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by Scott Woods

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The Columbus Arts Festival – one of the largest in the country – features poets every year, and has done so for well over two decades now. This year, in an attempt to further make the featured slots even more notable and significant, the number of slots was weeded and there was pre-judging of poems submitted with applications to determine who should actually get to audition. In the past, the number of applicants hit at or under the same number of audition slots, so every poet who submitted pretty much got a shot at an audition. This year we received so many submissions that we had to institute the pre-judging process we always threatened poets with, and I was happy to be one of two judges. (The other was a young, very cool professor of literature who also wrote poetry. A nice balance between the street and the school yard, I thought.)

Poems submitted were blind, which meant that the names of the poets had been stripped and replaced with numbers. We judged using a simple point system and whittled the list down to the number we were asked to reach. The reading and judging itself took place in our individual spaces, and the two of us met at a café to compare and combine scores for a final list.

But here is what I really want to talk about: Without fail, both of us came to the table having given the lowest scores to poems that were submitted “ugly”. A more institution-minded judge might call these suspect submissions “non-traditional”, but being that I’ve been kicked out of both a high school and a college, I call them “ugly”. I had submissions that were faxed with borders of technical gobbledy-gook, submissions that were handwritten, submissions that appeared scribed in crayon, submissions that were printed out on ancient dot matrix printers. I don’t submit my work to journals or contests, but I know that a submission style exists, that editors are typically buried in submissions from hopeful poets and that they have no time for work that they have to decipher before they can read. I know that any person serious about having their work considered knows to at least type that work out before sending it away.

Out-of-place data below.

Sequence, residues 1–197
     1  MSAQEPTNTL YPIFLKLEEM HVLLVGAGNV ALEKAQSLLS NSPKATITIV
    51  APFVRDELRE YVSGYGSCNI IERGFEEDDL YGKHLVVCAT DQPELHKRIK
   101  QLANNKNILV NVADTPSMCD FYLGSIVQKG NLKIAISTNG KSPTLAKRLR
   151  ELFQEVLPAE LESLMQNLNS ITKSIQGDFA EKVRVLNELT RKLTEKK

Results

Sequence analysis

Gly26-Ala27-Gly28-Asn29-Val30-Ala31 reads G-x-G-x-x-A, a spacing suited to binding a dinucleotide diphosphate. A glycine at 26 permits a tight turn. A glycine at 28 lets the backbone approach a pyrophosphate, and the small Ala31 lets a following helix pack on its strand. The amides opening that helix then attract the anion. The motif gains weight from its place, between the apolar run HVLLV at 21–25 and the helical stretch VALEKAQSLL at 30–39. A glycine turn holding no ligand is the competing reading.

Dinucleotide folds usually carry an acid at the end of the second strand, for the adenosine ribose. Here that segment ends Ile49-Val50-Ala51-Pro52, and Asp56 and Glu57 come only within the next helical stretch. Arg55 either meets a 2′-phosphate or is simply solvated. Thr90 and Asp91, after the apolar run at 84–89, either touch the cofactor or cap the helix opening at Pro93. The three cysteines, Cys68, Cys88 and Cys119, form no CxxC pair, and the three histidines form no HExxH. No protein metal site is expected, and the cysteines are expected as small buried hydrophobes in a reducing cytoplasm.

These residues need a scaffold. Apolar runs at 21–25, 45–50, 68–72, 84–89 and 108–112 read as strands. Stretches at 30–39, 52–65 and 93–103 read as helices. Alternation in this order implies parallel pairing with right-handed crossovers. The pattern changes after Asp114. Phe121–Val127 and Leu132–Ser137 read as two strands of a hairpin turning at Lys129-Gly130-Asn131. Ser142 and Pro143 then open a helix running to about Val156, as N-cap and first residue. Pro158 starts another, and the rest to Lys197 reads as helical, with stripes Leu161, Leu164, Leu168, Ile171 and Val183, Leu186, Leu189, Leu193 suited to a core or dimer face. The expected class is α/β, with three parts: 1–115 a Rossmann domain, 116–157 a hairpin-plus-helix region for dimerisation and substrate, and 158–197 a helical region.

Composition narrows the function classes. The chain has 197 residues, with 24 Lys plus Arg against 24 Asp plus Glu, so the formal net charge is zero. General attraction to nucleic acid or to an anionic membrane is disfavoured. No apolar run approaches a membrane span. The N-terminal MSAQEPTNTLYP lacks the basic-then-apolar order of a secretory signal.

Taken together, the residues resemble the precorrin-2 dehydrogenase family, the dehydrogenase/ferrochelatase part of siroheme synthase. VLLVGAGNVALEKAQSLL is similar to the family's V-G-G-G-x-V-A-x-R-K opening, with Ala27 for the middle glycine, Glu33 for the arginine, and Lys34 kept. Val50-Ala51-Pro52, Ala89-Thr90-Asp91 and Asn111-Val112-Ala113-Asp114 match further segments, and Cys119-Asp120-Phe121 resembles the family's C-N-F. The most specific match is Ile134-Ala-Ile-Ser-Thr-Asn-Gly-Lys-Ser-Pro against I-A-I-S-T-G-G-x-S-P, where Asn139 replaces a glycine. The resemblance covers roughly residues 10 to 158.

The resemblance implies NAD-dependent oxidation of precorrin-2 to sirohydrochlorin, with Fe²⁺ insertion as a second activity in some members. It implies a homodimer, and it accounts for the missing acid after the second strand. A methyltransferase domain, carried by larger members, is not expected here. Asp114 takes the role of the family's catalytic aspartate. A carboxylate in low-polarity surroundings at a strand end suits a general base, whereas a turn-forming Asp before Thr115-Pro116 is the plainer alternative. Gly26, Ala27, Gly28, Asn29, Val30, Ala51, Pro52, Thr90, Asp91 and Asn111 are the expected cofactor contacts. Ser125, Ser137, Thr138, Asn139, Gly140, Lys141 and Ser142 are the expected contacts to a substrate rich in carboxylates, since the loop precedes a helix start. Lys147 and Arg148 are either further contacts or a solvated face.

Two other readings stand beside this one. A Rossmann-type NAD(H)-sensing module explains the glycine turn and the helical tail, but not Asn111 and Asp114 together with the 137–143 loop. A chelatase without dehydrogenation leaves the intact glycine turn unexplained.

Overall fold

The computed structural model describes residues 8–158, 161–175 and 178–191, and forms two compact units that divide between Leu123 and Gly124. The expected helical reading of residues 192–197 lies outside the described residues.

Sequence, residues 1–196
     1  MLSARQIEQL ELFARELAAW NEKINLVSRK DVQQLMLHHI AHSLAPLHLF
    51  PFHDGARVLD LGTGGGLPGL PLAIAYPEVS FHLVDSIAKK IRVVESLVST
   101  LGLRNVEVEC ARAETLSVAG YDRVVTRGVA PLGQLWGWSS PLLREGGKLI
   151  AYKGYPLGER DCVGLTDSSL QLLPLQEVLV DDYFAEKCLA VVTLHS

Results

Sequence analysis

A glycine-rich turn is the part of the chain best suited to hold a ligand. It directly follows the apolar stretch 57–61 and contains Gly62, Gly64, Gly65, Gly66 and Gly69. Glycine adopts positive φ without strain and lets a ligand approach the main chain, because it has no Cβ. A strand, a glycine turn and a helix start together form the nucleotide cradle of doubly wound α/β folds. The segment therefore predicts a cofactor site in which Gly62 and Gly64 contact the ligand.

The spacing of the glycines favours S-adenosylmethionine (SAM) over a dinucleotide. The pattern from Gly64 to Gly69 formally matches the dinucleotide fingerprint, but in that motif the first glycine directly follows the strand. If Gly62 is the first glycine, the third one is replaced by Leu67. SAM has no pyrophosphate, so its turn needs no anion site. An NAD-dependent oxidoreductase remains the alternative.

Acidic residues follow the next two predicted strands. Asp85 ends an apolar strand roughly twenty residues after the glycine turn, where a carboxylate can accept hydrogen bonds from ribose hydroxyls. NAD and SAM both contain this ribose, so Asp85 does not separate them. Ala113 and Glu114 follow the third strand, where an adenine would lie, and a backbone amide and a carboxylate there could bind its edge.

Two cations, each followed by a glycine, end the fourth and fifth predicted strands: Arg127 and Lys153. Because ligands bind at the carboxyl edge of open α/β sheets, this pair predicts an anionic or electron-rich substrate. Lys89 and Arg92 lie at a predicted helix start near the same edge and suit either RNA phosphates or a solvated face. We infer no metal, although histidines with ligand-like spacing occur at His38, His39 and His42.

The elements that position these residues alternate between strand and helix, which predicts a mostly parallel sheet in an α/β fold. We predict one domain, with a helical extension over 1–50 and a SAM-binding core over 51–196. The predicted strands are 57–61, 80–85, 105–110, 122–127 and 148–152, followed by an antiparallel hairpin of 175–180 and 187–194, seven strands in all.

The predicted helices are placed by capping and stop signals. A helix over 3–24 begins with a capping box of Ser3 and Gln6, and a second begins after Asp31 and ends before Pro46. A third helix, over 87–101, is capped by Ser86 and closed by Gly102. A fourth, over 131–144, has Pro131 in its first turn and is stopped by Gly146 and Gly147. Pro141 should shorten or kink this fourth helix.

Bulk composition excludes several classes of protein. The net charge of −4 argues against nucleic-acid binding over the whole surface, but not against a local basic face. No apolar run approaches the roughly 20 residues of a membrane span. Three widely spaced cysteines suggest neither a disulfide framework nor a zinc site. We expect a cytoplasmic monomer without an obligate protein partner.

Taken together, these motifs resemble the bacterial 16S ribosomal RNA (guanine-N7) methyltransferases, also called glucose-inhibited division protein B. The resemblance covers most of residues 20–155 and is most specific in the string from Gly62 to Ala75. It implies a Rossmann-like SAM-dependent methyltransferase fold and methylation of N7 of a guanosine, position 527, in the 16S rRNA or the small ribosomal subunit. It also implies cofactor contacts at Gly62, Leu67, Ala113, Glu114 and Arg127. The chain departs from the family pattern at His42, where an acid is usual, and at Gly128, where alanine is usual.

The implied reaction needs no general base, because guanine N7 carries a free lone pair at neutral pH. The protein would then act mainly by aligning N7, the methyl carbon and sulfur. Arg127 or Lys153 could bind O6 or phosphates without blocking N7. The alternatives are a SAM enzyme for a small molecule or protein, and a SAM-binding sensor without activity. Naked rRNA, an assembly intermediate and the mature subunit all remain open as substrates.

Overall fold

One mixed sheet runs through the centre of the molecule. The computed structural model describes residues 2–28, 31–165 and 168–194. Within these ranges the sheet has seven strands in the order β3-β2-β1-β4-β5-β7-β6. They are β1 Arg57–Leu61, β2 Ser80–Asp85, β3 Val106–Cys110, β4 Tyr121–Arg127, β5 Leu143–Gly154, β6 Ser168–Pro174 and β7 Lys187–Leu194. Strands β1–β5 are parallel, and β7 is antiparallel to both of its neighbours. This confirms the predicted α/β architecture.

Please note: I took great pains to take the work on its merits and not on its presentation. I did not write-off someone’s work because it was written on the back of a grocery receipt. The other judge assured me he did not do this either. We both understood that this was mostly a local affair and that many of the poets were submitting for the first time. We knew that many poets probably didn’t consider themselves poets and were being pushed to enter by a friend or family member who thought the hundreds of poems they had in a box in their closet might have merit. We weren’t snobs about it. We knew that good poetry often comes to people in many forms. This isn’t a rant about their presentations. This is a rant about the science of what their presentations represent.

Allow me to put on my white lab coat for a moment and explain the math in play here:

Of the poems that scored low between us, some of them were ugly submissions and some of them were perfectly good-looking, traditional submissions. But without fail, ALL of the ugly submissions scored low. And once you strip away any prejudice on the part of the judges ascribing qualitative standards to the poems based on visual presentation – which I know I did and have it on good faith regarding the other judge as well – we are left with one astounding conclusion: poets who send ugly submissions are largely not good poets.